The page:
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Food review: Rhubarb le Restaurant

Two-month-old Rhubarb has all the elements to become the next celebrated restaurant.

Away from the raucous bars and heady fumes of Korean barbecue restaurants nearby, an unassuming 30-seater contemporary French restaurant quietly goes about its business at 3 Duxton Hill.

Don’t mistake Rhubarb Le Restaurant’s meek exterior for commonness. Service and decor at this gem are top notch. Step inside and one is immediately cosseted by an elegance expected of fine-dining establishments, even though it is only two months old. Dignified staff in sharp suits tread softly on plush carpeting even as they busy about the restaurant, gently placing dishes on crisp grey linen spread on dining tables.

Yet it opened with no fanfare, preferring to remain below the radar. It is a joint venture between business partners Frenchman Jerome Desfonds and English chef Paul Longworth, who formerly helmed Au Petit Salut’s kitchen for three years. The owners’ birthplaces inspired the restaurant’s name – the rhubarb is a piquant celery-like vegetable common in both countries’ cuisines.

That doesn’t mean the ingredient is employed any which way – only when appropriate. Like as a puree to harmonise Longworth’s finest dish: pigeon confit with chicken jus and grapes ‘a la Aussignac’ – fresh seedless grapes coated with crunchy caramel and studded with nuts. The 36-year-old chef learnt this technique under the tutelage of one-Michelin- star chef Pascal Aussignac at Club Gascon in London, where it is served with cheese or foie gras. Here, he uses the grape’s elevated sweetness and crunch to balance the bird’s savoury succulence with the tart rhubarb.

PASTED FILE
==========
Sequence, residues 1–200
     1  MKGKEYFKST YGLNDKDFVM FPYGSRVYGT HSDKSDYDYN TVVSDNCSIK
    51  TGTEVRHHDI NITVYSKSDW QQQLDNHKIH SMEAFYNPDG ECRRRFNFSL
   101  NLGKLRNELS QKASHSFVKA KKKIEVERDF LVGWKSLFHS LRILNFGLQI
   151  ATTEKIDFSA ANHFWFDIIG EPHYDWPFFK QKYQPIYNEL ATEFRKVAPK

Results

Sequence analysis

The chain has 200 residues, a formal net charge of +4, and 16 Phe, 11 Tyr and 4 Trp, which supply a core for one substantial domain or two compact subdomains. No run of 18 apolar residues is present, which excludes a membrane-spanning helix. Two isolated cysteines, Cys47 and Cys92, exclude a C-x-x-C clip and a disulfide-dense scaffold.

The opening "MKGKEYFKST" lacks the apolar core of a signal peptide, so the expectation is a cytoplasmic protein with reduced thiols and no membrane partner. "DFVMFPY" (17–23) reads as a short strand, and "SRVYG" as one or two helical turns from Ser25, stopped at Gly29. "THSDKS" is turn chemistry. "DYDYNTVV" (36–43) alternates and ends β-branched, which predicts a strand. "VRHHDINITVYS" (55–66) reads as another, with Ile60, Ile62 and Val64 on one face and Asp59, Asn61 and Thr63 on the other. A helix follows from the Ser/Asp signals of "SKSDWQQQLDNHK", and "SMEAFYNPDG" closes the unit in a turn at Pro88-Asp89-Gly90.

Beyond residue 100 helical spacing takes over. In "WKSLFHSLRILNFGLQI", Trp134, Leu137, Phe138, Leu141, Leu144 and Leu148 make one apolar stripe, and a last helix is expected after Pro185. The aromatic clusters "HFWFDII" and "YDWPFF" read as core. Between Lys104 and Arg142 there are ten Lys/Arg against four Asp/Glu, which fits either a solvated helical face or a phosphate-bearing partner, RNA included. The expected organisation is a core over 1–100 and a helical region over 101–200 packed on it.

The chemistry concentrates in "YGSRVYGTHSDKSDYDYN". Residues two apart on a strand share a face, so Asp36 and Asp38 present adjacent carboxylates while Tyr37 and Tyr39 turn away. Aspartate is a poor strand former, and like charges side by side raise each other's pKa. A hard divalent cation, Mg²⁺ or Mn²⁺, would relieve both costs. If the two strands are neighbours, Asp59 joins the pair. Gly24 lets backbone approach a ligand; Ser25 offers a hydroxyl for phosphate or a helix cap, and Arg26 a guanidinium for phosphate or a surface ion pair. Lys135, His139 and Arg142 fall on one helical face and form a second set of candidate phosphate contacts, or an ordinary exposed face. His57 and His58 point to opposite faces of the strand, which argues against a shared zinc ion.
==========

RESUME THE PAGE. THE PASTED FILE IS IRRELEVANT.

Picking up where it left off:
Equally astounding is the chocolate and peanut-butter torte with nuts and smoked-hay ice cream. While hay has been a popular medium to smoke meats, it’s rare to find it infused into cream and served on a plate. It’s luscious with a slight smokiness that lifts the entire dish from a simple chocolate torte into a complex symphony of textures and bittersweet flavours.

These two dishes are exemplary of Longworth’s style: A quiet respect for classic techniques expressed in adventurous flavour combinations. For this reason, we think that while the restaurant may have opened without as much as a squeak, it won’t take long for crowds to come knocking.

3 Duxton Hill.